Few Clouds 38° Good Evening
Few Clouds 38° Good Evening

Subtle changes in the brain are normal as you age

My 60-year-old father underwent a brain MRI. Everything was normal. However, the report included the following statement: "Involutional brain changes in the form of deepening of the cortical sulci with dilatation of the surrounding subarachnoid spaces." What does this mean?


The statement from the MRI report describes subtle changes in the structure of your father's brain. Many people experience such mild changes in the structure of their brain as they age.

To understand these changes, start with the largest part of the brain called the cerebral cortex. The cerebral cortex contains a large number of folds. Picture a rounded surface covered in deep meandering ridges and grooves. The spaces in between the folds of brain tissue are called the cortical sulci (pronounced sul-sye). As some people age, the folded brain tissue starts to shrink, making the spaces between the folds (the sulci) deeper and wider. These are called involutional brain changes.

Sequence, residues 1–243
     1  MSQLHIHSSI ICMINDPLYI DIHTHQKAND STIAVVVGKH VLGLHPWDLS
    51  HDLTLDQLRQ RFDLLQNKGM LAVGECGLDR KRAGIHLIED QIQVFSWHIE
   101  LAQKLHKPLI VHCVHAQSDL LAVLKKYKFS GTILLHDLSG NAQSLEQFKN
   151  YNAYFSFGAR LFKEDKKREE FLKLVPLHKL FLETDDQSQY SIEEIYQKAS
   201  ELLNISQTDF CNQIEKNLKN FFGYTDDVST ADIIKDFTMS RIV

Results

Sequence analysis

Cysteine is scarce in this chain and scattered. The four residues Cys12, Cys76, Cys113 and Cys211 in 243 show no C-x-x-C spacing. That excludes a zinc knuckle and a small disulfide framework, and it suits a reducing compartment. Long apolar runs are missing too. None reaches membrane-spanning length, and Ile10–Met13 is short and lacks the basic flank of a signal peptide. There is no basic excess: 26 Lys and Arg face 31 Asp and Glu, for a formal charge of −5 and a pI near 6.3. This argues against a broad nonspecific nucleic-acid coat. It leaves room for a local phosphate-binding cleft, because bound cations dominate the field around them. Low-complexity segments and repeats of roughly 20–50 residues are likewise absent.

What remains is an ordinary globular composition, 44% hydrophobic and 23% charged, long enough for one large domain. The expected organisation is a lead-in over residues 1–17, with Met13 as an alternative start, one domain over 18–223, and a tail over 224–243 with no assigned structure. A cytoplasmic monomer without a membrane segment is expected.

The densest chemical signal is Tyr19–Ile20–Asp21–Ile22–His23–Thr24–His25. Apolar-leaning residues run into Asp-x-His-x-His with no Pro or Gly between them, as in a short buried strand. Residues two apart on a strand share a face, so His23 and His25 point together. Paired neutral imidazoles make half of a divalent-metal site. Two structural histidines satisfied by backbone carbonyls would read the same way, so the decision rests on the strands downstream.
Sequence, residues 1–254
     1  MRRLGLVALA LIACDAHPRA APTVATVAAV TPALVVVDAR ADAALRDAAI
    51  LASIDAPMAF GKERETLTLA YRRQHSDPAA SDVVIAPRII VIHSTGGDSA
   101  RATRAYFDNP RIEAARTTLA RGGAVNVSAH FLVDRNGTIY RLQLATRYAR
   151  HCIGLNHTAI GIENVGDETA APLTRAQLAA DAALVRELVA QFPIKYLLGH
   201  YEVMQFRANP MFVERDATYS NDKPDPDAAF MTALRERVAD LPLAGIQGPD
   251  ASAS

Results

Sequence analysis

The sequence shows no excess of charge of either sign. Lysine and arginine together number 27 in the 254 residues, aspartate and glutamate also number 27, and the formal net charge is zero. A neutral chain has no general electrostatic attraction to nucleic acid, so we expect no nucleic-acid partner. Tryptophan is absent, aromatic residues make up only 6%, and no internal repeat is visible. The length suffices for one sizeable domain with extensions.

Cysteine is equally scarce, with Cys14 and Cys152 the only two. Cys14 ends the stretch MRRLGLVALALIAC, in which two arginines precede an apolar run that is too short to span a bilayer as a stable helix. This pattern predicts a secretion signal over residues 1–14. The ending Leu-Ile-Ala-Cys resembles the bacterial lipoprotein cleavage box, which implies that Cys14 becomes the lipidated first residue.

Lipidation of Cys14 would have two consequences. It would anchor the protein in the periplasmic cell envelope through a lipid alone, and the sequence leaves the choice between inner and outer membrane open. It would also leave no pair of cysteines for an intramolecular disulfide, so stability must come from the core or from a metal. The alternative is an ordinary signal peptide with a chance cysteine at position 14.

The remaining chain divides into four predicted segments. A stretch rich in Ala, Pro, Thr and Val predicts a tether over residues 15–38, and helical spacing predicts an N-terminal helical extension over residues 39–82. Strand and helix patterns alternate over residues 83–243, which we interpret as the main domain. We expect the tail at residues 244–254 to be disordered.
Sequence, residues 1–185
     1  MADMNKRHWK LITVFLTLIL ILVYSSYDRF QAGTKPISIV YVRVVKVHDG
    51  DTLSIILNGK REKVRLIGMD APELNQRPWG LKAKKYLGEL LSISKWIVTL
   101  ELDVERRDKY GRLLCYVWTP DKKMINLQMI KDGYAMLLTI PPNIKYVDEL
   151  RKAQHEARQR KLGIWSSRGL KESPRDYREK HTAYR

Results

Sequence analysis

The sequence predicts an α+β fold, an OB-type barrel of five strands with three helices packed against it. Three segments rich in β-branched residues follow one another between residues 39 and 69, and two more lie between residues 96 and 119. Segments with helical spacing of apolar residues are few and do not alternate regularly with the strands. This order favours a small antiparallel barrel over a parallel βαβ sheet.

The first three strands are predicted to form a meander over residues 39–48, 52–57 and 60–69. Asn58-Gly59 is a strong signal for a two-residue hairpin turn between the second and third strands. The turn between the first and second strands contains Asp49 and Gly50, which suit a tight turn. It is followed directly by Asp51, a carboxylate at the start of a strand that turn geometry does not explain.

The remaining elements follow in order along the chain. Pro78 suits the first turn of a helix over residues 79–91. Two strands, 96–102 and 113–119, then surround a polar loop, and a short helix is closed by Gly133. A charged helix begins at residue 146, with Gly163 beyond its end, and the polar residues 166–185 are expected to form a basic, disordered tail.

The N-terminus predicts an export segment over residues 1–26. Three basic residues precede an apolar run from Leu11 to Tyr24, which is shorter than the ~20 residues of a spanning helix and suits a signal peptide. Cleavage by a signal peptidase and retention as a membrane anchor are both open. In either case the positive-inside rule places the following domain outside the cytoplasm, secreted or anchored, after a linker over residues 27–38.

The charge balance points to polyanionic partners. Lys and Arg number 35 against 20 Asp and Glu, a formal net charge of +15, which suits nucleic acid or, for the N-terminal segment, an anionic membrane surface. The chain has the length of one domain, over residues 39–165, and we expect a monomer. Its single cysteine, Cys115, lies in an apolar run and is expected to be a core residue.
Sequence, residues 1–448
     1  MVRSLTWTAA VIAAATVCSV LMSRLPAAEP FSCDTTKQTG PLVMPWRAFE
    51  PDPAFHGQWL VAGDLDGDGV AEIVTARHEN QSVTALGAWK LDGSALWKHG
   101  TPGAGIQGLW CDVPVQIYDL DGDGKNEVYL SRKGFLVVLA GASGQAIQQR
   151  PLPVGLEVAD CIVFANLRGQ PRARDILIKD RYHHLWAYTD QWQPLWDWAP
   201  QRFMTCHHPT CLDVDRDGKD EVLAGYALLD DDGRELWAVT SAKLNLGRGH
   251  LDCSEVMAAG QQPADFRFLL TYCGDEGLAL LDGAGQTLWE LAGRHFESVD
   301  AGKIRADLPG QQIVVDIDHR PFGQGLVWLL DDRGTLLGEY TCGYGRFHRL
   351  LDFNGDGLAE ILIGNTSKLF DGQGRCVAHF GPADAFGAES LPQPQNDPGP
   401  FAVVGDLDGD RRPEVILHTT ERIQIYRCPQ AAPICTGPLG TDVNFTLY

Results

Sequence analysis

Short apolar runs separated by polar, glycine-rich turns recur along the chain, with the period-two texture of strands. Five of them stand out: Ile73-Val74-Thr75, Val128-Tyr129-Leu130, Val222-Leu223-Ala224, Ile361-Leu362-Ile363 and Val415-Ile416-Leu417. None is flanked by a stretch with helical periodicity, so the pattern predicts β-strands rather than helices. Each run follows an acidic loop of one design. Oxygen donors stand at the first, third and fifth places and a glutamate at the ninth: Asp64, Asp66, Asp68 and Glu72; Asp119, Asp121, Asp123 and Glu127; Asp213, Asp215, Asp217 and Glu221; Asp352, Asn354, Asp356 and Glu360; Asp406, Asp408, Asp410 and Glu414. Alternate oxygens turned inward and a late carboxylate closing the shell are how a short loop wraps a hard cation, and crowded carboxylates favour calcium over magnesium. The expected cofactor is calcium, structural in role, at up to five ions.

In many people with dementia, the folds are greatly shrunken. The involutional changes described in your father's report are milder.

What do your father's involutional brain changes mean? Scientists don't know for certain. They may indicate a greater risk for developing dementia. However, scientists debate this point. People with milder involutional brain changes like your father frequently have normal intellects and do not develop dementia.

What should your father do as a result of this report? He should do what all of us should do to help decrease our risk of developing dementia. It starts with following his doctor's instructions and taking medications regularly if he has a health condition that could affect his brain, such as high blood pressure, high cholesterol, diabetes, past strokes or mini-strokes, or coronary artery disease.

Regularly challenging your brain with new activities will help protect against loss of brain function. Also, exercising regularly will not only strengthen your muscles, improve conditioning, and protect your heart: It will also help protect you from developing dementia.

More news

Sorry to interrupt...

Your first 5 are free

Access to Newsday is free for Optimum customers.

Please enjoy 5 complimentary views to articles, photos, and videos during the next 30 days.